Meanwhile, Caterpillar’s Stage IV/Tier 4 Final engines span
25.2 kW to 895 kW, and are available with a range of aftertreatment technologies including EGR, DOC, DPF and SCR – depending on the power band and application. In addition, a DPF-free package is available on some platforms.

Mike Reinhart, Caterpillar industrial marketing manager, said, “As we designed our Stage IV and Tier 4 Final engines, we did so with the end in mind in order to make integration as simple as possible for our OEM customers.”


Sister company Perkins has also tried to be as flexible as possible. Its Stage IV/Tier 4 Final line-up of engines up to 225 kW is also designed to minimise the impact of aftertreatment. The 1200 Series models, for instance, feature a DPF that is packaged together with the DOC canister and the SCR system into one integrated module that can be positioned remotely in a machine chassis or directly on top of the engine.

The manufacturer’s goal is to minimise installation work for OEMs. For instance, the DPF uses passive regeneration to burn away the soot in the DPF – a process which does not require the operator to be involved with and as such facilitates easier installation in the engine bay since no direct access is required for ash removal.

Perkins said its Technology Integration Workshop programme has so far overseen more than 500 engine installation projects for more than 150 global OEMs. It has recorded total fluid consumption improvements of up to 9% over the gains made at the Stage IIIB/Tier 4 Interim phase.

Cummins, meanwhile, has introduced two new Stage IV/Tier 4 Final engines this year – the 250 kW to 382 kW QSM12 and the 63 kW to 98 kW QSF3.8. Designed for wheeled loaders, excavators and cranes, the larger QSM12 uses SCR and a DPF to comply with next year’s laws, but without the use of EGR.

The company has also been testing its Stage IV/Tier 4 Final range, clocking up over 75,000 machine hours so far in North America and Europe. The engines have been put to work in a variety of tough environments from the high altitudes of the Alps and the hot and humid weather of Florida, to running in the dry heat of Texas.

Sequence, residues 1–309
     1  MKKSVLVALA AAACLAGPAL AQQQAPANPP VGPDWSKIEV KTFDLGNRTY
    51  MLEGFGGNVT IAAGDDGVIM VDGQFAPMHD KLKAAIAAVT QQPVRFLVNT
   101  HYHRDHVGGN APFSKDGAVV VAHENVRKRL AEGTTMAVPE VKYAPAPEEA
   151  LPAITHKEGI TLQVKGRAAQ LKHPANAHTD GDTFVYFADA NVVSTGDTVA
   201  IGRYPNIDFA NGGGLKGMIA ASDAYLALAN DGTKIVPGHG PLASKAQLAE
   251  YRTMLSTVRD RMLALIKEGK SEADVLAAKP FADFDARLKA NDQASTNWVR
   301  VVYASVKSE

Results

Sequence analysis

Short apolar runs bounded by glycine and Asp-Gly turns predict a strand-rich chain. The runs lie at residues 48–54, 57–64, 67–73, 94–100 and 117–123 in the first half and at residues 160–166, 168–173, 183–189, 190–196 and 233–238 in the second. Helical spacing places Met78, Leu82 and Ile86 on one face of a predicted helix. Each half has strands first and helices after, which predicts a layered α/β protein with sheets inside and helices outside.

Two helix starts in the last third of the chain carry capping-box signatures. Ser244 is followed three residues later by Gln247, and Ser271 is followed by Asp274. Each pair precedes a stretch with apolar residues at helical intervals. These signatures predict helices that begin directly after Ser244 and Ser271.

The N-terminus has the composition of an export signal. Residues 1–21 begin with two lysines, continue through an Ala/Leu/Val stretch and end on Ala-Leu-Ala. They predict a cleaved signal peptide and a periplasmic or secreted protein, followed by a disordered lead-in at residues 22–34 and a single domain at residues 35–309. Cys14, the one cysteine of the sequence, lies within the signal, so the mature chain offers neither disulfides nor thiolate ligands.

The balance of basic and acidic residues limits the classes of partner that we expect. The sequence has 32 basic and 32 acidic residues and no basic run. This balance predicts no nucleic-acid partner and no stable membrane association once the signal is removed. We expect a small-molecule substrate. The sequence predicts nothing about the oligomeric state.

Cummins said nearly 70 engine models had been tested so far in everything from wheeled loaders, and material handlers to rock drills and air compressors.

The company said the engines were performing well, with more uptime hours recorded than originally planned across the complete 2.8 to 15 litre product range. Fuel consumption levels see a 7% to 8 % improvement over Tier 3 machines with low levels of DEF consumption, according to the company.

Jeremy Harsin, service and new product introduction team leader at Cummins said it was the most extensive and varied field test that the company had ever undertaken. “From our results we are fully confident we have a dependable and proven Tier 4 Final solution,” he added.

Deutz, meanwhile, opted for an ultra-compact design in its latest Stage IV/US Tier 4 Final engine launch, which comes in the form of the TCD 2.9 L4. This unit covers a performance range of between 30 kW and 55.4 kW.

Deutz claimed to have enabled drop-in installation of the entire system. This is because the TCD 2.9 L4 is fitted with a modular exhaust gas aftertreatment system which can optionally be fitted to the engine.

Also in the lower output ranges, Hatz has released a Stage IIIB/US Tier 4 Final-compliant engine – ­the 4H50TIC, which has an output of 55 kW. The 4H50TIC meets the emissions laws without a DPF, saving on space, money and servicing. Cooled EGR technology and a DOC are used to reduce emissions.

Managing director Wolfram Hatz said the 4H50TIC consumed diesel at a rate of 210 g/kWh – a figure which he said was around -10% lower than competitor models.

“This fuel consumption figure includes the cooling fan and alternator, and we really believe it represents a strong advantage to customers,” Mr Hatz said.

But with the prospect of a further stage of EU Stage V laws currently being debated, manufacturers are likely to continue to focus on flexible ways to reduce diesel exhaust emissions further beyond 2014. Ulrich Beutke, who co-ordinates advisory body and industry association work at Tognum/MTU, said engines rated under 560 kW would very probably have to meet even stricter emission limits in future.

“Although we don’t know any figures yet, all the signs are that the EU will base Stage V on the Euro 6 emission limits for commercial vehicles,” Mr Beutke said. As well as potentially reducing NOx and PM emissions to 0.4 g and 0.01 g per kWh respectively, there could be a new, as yet unknown particulate number (PN) limit.

This means the soot particulates would no longer simply have to be within a specific weight limit, but also below a specified number, according to Matthias Vesper, who also monitors the work of environmental standards committees for Tognum/MTU.

This is because the health hazards associated with PM are linked to smaller particles, which may escape through current DPF systems. Targeting a lower PN limit is a way to reduce emissions of these more harmful specks.

However, this next phase of legislation is not likely to come into force before 2019 according to Mr Vesper.